- Question: Tax-exempt bonds to be issued to purchase building; building will be leased to the federal government for one year; federal government lease payments will offset lease payments to be made to pay interest and principal. Are the bonds “federally guaranteed”?
- Answer: Some bond counsel believe that a lease of space to the federal government will not constitute a federal guaranty. But note private business use and private payment matter.
- Question: Federal government makes a grant to a fund that also includes moneys from many other sources. The fund becomes pledged to pay debt service on a bond issue. Is the bond issue federally guaranteed? Notiz 201203211
- Answer: [To come!]
- Question: Does receipt of TIFIA moneys constitute a prohibited federal guaranty?
- Answer: Yes, and one should structure around the issue by requiring strict allocation of TIFIA moneys to the project and away from payment of debt service. See, for example, the following discussions: U.S. DOT Publication
- Question: Are build America bond subsidy payments “federal guarantees”?
- Answer: No. In determining if an obligation would be tax-exempt under section 103, the credit (or the payment discussed below for direct-pay Build America Bonds) is not treated as a federal guarantee. See JCX-36-12.
Administrative and Legislative References:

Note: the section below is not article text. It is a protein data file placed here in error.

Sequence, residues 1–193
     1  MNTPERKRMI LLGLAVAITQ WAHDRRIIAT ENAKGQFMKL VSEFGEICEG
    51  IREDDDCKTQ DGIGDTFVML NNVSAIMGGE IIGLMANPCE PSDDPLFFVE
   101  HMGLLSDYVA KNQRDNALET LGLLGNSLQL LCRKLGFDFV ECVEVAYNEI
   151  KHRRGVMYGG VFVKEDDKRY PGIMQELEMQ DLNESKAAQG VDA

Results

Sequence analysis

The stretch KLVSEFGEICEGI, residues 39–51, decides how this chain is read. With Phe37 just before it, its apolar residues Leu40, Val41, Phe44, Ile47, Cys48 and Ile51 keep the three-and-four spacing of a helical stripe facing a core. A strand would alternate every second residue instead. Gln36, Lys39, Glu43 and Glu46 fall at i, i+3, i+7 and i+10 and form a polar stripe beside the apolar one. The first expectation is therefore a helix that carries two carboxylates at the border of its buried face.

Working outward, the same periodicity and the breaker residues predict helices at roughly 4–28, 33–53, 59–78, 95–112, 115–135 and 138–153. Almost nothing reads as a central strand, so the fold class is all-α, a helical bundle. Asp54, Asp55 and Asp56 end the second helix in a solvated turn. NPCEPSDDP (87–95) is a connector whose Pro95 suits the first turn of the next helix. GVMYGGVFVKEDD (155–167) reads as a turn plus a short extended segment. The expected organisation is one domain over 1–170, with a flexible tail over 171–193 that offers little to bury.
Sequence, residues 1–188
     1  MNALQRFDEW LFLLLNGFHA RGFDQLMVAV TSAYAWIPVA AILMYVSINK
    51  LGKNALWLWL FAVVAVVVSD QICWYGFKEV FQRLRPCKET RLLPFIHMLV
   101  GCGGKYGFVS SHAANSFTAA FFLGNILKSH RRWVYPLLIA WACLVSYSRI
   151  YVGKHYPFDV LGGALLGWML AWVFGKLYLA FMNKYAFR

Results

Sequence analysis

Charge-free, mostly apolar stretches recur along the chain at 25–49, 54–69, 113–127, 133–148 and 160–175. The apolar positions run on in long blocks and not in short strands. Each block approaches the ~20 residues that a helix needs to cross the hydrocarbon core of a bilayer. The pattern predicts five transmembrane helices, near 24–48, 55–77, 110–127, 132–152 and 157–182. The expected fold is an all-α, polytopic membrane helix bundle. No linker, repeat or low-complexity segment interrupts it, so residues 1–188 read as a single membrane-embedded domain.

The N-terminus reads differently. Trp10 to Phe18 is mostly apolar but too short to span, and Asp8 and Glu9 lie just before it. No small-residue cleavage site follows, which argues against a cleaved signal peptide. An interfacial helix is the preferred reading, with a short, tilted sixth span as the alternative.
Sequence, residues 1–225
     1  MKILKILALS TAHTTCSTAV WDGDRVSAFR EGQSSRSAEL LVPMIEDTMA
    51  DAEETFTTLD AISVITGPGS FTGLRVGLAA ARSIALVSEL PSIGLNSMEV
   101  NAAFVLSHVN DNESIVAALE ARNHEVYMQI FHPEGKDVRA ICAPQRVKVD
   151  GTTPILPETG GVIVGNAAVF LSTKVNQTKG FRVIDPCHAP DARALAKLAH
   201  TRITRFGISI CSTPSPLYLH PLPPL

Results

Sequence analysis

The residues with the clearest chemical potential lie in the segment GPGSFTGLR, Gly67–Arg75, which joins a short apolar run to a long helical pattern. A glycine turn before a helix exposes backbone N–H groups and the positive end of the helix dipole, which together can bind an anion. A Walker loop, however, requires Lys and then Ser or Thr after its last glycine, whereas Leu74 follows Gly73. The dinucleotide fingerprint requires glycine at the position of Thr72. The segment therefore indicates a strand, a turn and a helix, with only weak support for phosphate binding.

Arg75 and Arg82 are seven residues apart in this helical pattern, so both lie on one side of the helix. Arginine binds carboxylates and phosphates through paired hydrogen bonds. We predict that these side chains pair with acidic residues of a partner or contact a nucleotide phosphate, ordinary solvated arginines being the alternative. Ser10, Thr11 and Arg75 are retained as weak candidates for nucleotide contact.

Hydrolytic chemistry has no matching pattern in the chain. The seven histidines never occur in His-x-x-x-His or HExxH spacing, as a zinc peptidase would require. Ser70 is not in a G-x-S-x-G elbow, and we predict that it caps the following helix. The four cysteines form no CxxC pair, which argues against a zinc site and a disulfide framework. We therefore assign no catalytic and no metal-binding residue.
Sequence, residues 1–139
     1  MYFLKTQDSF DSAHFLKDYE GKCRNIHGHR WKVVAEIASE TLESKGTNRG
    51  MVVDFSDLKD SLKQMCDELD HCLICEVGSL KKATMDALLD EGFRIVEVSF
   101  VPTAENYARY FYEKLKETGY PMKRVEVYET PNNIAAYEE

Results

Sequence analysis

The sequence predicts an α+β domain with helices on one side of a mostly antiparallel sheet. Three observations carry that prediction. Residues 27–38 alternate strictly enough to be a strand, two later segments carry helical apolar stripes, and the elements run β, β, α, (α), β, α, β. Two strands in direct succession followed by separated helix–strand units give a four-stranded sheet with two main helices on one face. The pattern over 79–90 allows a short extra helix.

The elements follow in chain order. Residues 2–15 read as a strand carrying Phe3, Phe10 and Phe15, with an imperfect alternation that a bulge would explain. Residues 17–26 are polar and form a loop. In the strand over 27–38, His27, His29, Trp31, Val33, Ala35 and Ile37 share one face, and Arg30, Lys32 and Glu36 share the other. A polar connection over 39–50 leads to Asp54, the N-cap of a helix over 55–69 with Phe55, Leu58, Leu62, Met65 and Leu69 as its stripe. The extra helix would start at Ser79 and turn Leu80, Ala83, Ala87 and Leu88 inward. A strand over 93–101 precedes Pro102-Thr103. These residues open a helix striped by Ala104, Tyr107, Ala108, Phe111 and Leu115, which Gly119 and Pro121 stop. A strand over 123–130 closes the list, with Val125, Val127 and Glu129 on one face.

- PLR 9623032: Smithsonian and Federal Appropriations: Under Federal Law A, appropriated funds cannot be used for any purpose other than that for which the appropriation was made. Federal Law B specifies that no federally appropriated funds may be used to pay any expense of the planning, design, or construction of the Project, including the debt service on the Bonds. Therefore, although G can and does receive federal appropriations, G is prohibited by federal law from using appropriated funds to pay for costs of the Project, including principal and interest payments on the Bonds. A comprehensive fiscal control system has been implemented by G to ensure that appropriated funds are used only as specified by the federal government. Based on these facts and circumstances, we do not believe that a federal guarantee arises from G’s receipt of federal appropriations. Accordingly, we conclude that G’s receipt of federal appropriations to partially fund its operations will not cause the Bonds to be federally guaranteed bonds within the meaning of §149(b) .